For Mastodon diehards, Revolver has a limited-edition Fall Issue bundle featuring a hand-numbered slipcase and exclusive 2LP edition of Hushed and Grim with a hand-screened album wrap designed by artist Paul Romano. Get yours before they're gone!
Unlike many bands who've been around as long as them, Mastodon fans don't just care about the old shit. The Atlanta prog-metal behemoths — guitarists Brent Hinds and Bill Kelliher, bassist Troy Sanders and drummer Brann Dailor — have seven full-lengths to their name that have almost all charted higher than the last, and since they've never been a band who rehashes the same stagant sounds twice, each new record brings fresh ears into their thrilling world.
In honor of Mastodon announcing their first-ever double album, Hushed and Grim, and dropping a ferocious new single called "Pushing the Tides," we asked our readers to choose their favorite album in the band's catalog. Every single record they've ever released earned a strong number of votes, but these were the ones that made the top five, ranked accordingly.
Mastodon's 2002 debut, Remission, is by far their heaviest — a shotgun blast of mangled sludge, Converge-adjacent hardcore fuckery and thrash riffs that rip apart at the seams before monotony is even conceivable. The band would go on to transcend metal's ugly trenches and use their technical gifts in other ways with future albums, but on these songs they're fully using them for sonic warfare.
Throughout their run of albums in the 2010s, Mastodon traded much of the heaviness of their early years for refined hard-rock choruses and significantly more melodic riffing. 2011's The Hunter and 2014's Once More 'Round the Sun are controversial records to some fans for that very reason, but 2017's Emperor of Sand had enough songwriting diversity — undeniable hooks and whipping prog-metal thrust — to unite new and old fans alike.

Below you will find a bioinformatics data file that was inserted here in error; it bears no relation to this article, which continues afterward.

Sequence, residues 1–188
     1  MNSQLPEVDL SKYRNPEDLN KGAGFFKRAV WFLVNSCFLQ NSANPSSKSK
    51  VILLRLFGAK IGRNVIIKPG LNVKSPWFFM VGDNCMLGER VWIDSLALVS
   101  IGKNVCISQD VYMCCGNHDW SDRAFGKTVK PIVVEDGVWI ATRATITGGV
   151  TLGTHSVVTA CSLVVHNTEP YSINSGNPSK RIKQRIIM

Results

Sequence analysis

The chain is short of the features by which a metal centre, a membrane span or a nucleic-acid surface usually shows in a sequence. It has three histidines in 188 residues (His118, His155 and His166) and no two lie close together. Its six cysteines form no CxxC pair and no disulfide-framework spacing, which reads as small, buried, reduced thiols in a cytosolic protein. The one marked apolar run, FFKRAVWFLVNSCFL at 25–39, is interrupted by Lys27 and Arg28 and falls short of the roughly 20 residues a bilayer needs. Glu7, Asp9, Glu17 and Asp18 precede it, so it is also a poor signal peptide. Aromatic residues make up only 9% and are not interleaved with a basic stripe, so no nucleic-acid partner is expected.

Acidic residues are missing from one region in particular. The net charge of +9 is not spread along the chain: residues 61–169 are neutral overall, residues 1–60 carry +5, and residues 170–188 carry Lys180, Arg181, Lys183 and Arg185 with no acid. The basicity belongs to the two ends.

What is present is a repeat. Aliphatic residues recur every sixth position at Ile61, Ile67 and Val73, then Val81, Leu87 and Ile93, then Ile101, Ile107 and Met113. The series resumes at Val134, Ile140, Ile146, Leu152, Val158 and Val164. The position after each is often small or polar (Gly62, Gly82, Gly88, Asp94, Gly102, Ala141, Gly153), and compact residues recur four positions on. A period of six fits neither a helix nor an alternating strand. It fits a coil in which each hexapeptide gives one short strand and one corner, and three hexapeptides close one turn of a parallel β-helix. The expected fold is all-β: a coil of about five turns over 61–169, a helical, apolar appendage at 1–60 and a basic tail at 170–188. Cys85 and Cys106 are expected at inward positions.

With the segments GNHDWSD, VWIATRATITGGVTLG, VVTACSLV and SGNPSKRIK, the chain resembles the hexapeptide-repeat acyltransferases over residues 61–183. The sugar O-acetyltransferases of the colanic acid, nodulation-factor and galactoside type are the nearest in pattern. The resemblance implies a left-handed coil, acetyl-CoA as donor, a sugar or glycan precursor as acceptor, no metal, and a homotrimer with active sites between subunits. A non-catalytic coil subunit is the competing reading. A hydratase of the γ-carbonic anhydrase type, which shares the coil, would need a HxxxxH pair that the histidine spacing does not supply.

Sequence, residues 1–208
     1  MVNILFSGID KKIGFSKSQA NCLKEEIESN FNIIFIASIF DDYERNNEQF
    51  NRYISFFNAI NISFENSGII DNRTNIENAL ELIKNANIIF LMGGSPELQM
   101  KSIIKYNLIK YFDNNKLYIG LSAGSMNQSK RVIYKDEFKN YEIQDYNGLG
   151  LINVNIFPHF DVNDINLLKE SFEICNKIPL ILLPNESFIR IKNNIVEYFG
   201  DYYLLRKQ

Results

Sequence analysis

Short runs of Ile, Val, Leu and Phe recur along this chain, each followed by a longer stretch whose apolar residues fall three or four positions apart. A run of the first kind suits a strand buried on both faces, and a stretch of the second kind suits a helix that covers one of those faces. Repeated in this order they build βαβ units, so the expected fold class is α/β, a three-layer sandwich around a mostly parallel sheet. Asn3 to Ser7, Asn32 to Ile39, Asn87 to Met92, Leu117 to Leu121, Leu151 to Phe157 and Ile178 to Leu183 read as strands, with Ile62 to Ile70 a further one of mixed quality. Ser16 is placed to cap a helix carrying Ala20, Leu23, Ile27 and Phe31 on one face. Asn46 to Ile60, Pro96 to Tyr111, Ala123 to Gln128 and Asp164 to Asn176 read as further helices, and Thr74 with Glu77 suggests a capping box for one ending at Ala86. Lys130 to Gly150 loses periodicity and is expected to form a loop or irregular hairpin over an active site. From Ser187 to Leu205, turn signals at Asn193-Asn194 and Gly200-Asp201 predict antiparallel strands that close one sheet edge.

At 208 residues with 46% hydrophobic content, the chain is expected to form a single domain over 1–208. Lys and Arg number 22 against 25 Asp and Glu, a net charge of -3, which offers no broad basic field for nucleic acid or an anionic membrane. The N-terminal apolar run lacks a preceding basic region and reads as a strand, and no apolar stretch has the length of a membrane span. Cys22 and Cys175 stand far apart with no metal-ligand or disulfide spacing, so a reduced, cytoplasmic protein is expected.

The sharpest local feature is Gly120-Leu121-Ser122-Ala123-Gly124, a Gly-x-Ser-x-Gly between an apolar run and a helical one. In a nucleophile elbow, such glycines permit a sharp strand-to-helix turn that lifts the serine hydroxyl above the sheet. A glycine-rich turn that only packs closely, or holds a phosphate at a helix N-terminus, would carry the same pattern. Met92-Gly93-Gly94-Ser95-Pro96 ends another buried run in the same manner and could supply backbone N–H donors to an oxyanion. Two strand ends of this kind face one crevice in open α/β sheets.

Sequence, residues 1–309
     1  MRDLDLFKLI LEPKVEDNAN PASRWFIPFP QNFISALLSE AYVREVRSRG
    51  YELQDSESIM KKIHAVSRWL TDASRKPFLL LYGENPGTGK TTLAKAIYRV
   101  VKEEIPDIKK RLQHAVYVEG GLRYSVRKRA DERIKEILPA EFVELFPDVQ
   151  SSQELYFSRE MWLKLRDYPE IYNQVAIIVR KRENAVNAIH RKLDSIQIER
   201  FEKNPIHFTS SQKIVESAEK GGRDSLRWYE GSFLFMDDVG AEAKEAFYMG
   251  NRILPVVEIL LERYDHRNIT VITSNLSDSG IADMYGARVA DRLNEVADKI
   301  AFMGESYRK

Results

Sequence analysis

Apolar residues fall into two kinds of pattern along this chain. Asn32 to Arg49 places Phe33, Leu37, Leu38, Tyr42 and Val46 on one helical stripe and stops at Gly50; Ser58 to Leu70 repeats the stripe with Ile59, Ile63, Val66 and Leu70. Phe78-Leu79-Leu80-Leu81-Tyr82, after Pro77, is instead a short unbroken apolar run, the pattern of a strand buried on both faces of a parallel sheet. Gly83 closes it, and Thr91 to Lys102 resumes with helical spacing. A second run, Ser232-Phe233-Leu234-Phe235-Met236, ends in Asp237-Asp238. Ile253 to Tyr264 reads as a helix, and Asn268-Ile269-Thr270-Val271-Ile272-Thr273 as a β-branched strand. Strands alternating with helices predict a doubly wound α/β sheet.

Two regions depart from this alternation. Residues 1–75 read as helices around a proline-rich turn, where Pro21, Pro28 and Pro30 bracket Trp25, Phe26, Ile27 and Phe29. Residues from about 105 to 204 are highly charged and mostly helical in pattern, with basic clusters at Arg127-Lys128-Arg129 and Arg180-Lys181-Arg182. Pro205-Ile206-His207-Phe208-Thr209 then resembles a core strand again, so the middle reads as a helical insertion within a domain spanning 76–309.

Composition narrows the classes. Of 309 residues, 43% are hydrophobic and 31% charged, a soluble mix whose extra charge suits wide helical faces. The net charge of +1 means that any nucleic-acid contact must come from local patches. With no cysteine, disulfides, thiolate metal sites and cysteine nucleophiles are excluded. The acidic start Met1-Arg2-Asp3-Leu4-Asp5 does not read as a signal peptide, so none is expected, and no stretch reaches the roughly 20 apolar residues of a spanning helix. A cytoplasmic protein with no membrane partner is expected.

If their first two albums weren't impressive enough as is, Blood Mountain made them household names. Mastodon's 2006 LP and major label debut dialed back the gruff vocal barks and riotous energy to explore more epic, sprawling arrangements that breathed new life into their sound on songs like "Sleeping Giant" and "This Mortal Soil" — while still letting rip on tracks like "The Wolf Is Loose."
These last two were a toss-up — for many Mastodon fans, it depends on the day. You either want the atmospheric grandeur of Crack the Skye, or the crackling "Blood and Thunder" of 2004's Leviathan, their masterful sophomore album that tells the tale of Moby-Dick through explosive prog-sludge with rampaging aggression and jaw-dropping virtuosity.
Crack the Skye earns its title. Mastodon's 2009 opus — to many fans, their magnum — marked a rare feat that most bands never achieve, which was piercing through the tall ceiling of their previous material and reaching a higher plane of creative achievement. Directly influenced by bands like King Crimson and Pink Floyd, Crack the Skye saw the band embrace the psychedelic side of prog and craft one of the most sonically nuanced, melodically tasteful and technically impressive metal records of the 21st century.